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Trivia Testers

The number of hours of flight instruction needed for a flight review, regardless of whether it is through the Wings program or via a BFR, can be...

Off the Grid
True or False: Intersections are always five characters, and always consist of five letters.

Answer: Those familiar intersections, as specified in FAA publication 7350.7G, LOCATION IDENTIFIERS, do indeed consist of five characters, all alphabetic. However, there are also other types of intersections. Did you know for example that there are intersections which are also five characters long, but which consist entirely of numbers? These are used, not by pilots (although they can be) but by the Flight Data Center, whenever airways intersect other airways at otherwise "non-intersection" points. Any time you see Victor airways crossing, with no named intersection, it actually does have a name; it's just not charted. There are also "High Altitude Redesign" alphanumeric waypoints (initially every two degrees of longitude and 30 minutes of latitude) for FL 390 and above, which are anticipated to be placed at every degree of longitude and 10 minutes of latitude. So, no, they're not just alphabetic. Most of the ones we're familiar with are, but they can also be entirely numeric, or a mix. The answer is: "false".

Earning Your "Wings"
The number of hours of flight instruction needed for a flight review, regardless of whether it is through the Wings program or via a BFR, can be...

  1. as little as one for a BFR, but always three for Wings
  2. for a BFR, two; for the Wings program, two or three
  3. at least one for a BFR; and two, three, or four for Wings
  4. one hour for a BFR, and anywhere from less than an hour to four hours, for the Wings program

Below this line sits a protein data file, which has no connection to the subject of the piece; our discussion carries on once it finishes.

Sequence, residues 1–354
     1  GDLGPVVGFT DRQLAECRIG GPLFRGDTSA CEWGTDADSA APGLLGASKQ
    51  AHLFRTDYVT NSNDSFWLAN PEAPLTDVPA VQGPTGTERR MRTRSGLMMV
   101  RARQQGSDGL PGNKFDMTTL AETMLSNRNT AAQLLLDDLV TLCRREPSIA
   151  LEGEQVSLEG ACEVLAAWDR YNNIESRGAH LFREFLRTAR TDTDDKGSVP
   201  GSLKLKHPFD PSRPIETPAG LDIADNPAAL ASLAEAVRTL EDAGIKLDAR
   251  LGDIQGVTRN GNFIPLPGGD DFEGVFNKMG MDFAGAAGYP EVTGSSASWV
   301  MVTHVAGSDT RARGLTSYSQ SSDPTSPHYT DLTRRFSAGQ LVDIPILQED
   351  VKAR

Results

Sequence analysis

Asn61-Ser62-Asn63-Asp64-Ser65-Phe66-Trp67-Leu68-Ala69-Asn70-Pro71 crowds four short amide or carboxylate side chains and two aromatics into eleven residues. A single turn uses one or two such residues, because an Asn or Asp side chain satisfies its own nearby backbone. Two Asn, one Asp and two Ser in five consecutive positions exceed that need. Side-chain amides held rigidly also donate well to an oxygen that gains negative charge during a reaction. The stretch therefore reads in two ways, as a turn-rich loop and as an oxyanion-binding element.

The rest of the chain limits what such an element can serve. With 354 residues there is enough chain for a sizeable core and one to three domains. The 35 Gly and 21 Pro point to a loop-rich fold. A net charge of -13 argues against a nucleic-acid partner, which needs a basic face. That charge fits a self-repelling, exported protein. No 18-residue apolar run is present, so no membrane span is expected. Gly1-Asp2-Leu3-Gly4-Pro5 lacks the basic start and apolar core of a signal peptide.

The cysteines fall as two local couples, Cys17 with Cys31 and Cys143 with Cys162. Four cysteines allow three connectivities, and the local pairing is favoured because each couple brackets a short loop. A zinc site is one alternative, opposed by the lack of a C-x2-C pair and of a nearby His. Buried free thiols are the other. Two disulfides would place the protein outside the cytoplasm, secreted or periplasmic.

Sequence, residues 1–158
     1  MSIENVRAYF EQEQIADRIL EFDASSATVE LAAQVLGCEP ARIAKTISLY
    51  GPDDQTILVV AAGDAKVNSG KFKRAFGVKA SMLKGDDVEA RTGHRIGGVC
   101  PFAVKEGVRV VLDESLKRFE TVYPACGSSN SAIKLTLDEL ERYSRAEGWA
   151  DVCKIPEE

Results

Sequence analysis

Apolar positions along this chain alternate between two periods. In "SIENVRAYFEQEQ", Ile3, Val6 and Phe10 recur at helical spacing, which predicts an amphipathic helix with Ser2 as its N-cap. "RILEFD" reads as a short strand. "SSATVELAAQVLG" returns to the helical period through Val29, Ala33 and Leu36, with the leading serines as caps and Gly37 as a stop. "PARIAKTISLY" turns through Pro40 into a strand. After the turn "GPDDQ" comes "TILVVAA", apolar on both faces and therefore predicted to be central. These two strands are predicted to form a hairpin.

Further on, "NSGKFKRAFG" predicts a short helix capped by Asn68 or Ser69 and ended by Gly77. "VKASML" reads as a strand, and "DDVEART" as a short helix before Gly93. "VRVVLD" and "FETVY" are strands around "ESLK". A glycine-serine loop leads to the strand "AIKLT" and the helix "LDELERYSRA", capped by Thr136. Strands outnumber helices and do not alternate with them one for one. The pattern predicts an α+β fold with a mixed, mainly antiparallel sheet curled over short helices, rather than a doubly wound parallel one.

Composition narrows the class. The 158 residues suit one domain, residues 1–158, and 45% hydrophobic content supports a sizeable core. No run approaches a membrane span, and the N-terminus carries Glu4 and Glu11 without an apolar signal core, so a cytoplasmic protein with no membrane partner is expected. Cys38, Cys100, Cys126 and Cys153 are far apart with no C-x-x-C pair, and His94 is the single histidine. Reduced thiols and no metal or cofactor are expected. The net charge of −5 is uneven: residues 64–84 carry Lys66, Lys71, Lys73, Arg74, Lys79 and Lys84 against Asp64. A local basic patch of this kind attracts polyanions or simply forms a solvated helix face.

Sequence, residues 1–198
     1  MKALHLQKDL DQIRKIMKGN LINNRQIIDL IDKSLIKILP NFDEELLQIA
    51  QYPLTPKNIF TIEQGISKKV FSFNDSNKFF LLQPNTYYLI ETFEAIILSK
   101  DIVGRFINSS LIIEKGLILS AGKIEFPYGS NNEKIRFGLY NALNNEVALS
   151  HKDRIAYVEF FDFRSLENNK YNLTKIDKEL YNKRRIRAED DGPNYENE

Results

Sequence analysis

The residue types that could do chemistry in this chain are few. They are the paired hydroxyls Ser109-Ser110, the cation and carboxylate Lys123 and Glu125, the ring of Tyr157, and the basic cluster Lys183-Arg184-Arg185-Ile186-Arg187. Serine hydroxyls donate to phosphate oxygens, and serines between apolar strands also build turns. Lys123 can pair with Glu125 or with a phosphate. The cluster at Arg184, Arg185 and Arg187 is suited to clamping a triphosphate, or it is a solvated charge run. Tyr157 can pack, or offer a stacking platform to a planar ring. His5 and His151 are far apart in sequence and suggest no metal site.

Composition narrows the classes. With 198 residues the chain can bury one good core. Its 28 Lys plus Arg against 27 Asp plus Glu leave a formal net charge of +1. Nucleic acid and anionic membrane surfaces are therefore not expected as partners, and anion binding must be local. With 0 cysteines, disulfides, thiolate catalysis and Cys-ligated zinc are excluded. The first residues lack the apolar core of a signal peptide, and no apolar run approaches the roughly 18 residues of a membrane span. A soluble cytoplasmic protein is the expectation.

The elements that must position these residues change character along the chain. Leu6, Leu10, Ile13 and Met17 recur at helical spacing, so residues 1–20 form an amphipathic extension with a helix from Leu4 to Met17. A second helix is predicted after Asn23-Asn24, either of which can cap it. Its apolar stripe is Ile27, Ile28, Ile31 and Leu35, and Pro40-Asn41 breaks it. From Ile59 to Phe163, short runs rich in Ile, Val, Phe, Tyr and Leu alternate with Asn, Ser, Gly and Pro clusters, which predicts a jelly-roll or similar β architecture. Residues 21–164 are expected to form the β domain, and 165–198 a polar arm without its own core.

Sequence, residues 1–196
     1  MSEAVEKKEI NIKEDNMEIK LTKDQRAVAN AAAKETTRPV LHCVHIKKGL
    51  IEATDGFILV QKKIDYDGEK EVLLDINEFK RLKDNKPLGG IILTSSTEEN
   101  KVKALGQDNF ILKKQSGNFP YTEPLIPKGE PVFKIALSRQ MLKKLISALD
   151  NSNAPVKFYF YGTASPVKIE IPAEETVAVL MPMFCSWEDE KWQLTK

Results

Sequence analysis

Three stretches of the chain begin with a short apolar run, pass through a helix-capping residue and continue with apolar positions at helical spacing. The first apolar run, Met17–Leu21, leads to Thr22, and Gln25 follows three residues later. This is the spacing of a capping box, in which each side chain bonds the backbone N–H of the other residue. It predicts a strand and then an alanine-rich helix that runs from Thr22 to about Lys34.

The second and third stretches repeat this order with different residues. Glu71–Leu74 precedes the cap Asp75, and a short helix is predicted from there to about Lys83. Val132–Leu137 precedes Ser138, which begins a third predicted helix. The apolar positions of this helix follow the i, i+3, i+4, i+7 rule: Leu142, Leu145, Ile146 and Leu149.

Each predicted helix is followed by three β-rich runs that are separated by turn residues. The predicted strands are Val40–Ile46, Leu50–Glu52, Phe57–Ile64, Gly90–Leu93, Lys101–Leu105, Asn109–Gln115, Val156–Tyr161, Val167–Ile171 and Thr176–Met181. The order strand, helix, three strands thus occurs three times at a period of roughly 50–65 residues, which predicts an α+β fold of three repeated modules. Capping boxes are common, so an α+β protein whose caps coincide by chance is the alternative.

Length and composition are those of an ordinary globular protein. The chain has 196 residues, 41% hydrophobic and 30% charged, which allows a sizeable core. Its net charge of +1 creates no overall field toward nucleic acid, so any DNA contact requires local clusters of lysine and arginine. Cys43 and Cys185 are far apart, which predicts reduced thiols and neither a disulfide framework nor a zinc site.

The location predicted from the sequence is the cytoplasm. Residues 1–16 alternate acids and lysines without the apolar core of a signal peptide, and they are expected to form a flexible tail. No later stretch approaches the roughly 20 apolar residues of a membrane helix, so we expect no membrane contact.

Answer: The biennial flight review must consist of at least an hour of flight time. The Pilot Proficiency Award Program is usually three hours, for fixed wing pilots...unless you happen to be going for your Wings in a glider. In that case, it can theoretically be under an hour, although they would have to be rather short flights to meet the quota as prescribed in Advisory Circular 61-91H, Section 7, paragraph (d). What most pilots never pay attention to however is the following: In that same Section 7, it also requires a fourth hour if the pilot is applying for an odd-numbered award phase, and he or she is not instrument-rated (and also, even if instrument rated, if that pilot is not also instrument current). Thus, even though the "Wings" card has only three lines for the separate hours of flight training required, as described in AC 61-91H, only current instrument-rated airplane pilots can actually get away with those three. If you're not in that group (unless you happen to fly helicopters, gliders, airships, or ultralights), you need four. The answer is choice D.

It's Not Easy Being Green
You take a fuel sample during your preflight, and the color of the sample is green. This means

  1. Either the fuel farm has some real vintage fuel left sloshing around, or you've entered a time warp: Grade 100/130 fuel is no longer produced
  2. Antifreeze has leaked into your fuel tank.
  3. Two fuel grades have been inadvertently mixed, and you've been mis-fueled.
  4. It's March 17.

Answer: It could be Saint Patty's Day, but that's not the excuse. If two grades were accidentally mixed, they'd come out clear, not green. And it's doubtful that automotive antifreeze would find its way into your fuel tanks. The answer is choice A.

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